Forests and society
- Societal aspects in forest management
Urban forestry, participation, gender
- Forest ecology
Site evaluation, dendrology, forest protection
- Biodiversity and climate change
Marginal provenances, adaptation strategies, nature conservation in forests
- Sustainable forest ecosystem management
Natural forest management, forestry planning, sustainability monitoring, systems engineering
- Forest inventory and forest growth
Inventory map, continuous forest inventory, remote sensing, forest growth simulation model
- Management tools, information and communication technology
Decision support, knowledge exchange, data acquisition, software engineering
Organisation und mediation of events
Prof. Dr Thibault Lachat, Lecturer in Forest ecology
Prof. Dr Christian Rosset, Team Leader and Lecturer in Sylviculture and Forestry Planning
Romain Angeleri, PhD student
Iris Caillard, Teaching Assistant
Gaspard Dumollard, Research Scientist
Elena Haeler, PhD student
Frédéric Huguenin, Assistant
Dr Urs Kormann, Research Scientist
Viola Sala, Assistant
Anke Schütze, Research Scientist
Martin Valère, Research Scientist
Dominique Weber, Research Scientist
Saproxylic species in primeval beech forests
Saproxylic beetles and fungi need dead wood for their development and survival. They often serve as ecological indicators of the naturalness of a forest and provide important information about its ecological quality. Together with the Swiss Federal Institute for Forest, Snow and Landscape Research WSL and the Carpathian Biosphere Reserve, HAFL researchers are investigating the species composition and distribution of saproxylic beetles and fungi in the Ukrainian primeval forest of Uholka-Shyrokyi Luh. This forest is unique in Europe and is considered a reference for central European beech forests in terms of structure, dynamics and biodiversity. Managed forests in its vicinity are used as comparison sites. The data collected is the first of its kind and is enabling assessment of the overall impact of forest management on species composition and ecological quality. This is also allowing conclusions to be drawn as regards the situation in Switzerland.
Project management: Thibault Lachat
Biodiversity and forest structures in the Zurich Wilderness Park Sihlwald
Understand biodiversity patterns and improving conservation measures requires detailed knowledge of the influencing factors. In this study, HAFL researchers are investigating the relationship between the biodiversity of various taxonomic groups and forest structures. They have selected four groups of species which depend at least partially on old growth structures or dead wood and are often used as indicators for natural forests: saproxylic beetles, wood inhabiting fungi, mosses, and lichens. This project is the starting point of a long-term monitoring of biodiversity in the Sihlwald forest. Focussing on dead wood, the team will in particular analyse the effect of habitat amount and connectivity. The Sihlwald, with beech as its dominant tree species, is typical of the Swiss Plateau. The findings of this study will therefore be interesting and important for many other forests in this region.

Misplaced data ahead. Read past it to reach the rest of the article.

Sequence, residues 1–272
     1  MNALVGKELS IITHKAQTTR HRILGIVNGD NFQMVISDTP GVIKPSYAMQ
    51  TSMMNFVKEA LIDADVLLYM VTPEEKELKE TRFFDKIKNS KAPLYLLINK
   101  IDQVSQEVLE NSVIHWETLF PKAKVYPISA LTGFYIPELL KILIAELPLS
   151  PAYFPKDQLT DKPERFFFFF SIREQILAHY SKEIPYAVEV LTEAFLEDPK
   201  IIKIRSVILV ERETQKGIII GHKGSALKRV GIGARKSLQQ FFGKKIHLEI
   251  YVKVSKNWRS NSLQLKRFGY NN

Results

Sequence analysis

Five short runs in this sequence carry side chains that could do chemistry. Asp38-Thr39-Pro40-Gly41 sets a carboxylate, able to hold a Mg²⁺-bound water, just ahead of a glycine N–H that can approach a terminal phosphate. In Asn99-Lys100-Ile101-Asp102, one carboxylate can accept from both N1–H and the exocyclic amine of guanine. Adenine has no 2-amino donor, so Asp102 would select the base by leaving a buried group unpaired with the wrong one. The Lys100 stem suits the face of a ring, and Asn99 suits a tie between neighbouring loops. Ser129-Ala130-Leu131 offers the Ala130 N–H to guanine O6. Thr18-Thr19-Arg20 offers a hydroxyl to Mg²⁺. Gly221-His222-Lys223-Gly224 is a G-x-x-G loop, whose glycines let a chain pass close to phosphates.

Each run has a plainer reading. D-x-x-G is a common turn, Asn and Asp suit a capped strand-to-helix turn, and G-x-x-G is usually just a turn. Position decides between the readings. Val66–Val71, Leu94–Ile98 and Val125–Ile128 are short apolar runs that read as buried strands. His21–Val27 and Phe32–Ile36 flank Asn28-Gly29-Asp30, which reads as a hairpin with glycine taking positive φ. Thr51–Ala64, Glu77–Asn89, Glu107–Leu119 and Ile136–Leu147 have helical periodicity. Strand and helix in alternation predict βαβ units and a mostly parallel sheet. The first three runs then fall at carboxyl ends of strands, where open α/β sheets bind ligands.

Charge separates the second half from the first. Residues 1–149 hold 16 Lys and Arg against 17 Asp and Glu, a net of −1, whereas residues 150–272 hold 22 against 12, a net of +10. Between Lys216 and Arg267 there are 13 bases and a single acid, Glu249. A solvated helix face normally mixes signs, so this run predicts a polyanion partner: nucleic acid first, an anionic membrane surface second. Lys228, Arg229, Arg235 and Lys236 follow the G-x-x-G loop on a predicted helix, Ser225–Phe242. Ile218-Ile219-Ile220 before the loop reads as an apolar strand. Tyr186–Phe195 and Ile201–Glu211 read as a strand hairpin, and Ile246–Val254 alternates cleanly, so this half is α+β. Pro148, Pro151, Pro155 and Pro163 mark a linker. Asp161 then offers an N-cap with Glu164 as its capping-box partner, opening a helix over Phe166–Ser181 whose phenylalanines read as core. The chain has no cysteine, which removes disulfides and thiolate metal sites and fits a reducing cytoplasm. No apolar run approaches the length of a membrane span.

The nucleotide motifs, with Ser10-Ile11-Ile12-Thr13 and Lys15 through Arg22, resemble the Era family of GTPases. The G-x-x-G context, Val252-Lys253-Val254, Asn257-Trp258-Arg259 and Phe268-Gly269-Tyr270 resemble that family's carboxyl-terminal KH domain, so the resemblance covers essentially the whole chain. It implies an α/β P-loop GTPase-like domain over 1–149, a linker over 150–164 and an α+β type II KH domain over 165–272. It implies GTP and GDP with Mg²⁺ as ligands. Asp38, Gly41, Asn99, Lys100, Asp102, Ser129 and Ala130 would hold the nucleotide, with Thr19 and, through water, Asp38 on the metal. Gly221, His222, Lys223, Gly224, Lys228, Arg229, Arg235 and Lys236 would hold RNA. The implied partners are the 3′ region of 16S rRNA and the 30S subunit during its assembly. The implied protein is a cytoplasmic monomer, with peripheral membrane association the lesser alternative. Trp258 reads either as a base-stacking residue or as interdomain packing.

Project management: Thibault Lachat
Gender-sensitive forest management in urban areas
Women are largely missing from forestry education and forestry professions. At the same time, it is important for women to have their needs considered when it comes to designing urban forests and to be involved in regional-level participation processes. The aim of the research project on “Gender-sensitive forest management in urban areas” is to strengthen women’s role in such processes. In a first step, HAFL forest scientists clarify the needs of women in urban spaces and characterise existing gender-specific conflicts. The project outcomes are also to be integrated into forest science teaching at HAFL, thus equipping students with gender competencies from an early stage and giving them an understanding of the significance of socially relevant issues in urban forests. The research project will run to July 2017 as part of a PhD thesis.
Pesticide use in forests
The Swiss Forest Act generally prohibits the use of pesticides in forests. In exceptional circumstances holders of a special permit may apply pesticides. HAFL has been commissioned by FOEN to coordinate measures associated with the legal provisions and to advise and inform the cantonal forest rangers, forestry services and the public.
MOTI: Forest inventory made easy – with a smartphone
The project’s main objective is the development of a practical smartphone application for forest inventories. In analogy to a pocket-knife the MOTI App provides a number of tools for measuring dendrometric variables as well as an assistant for preparing, conducting and evaluating inventories of forest management units. MOTI is designed to record in an easy and cost effective manner angle count sampling after Bitterlich as well as the number of trees per hectare, tree height and stock volume.
Project management: Christian Rosset
Article in InfoHAFL No. 2/2013 (German/French)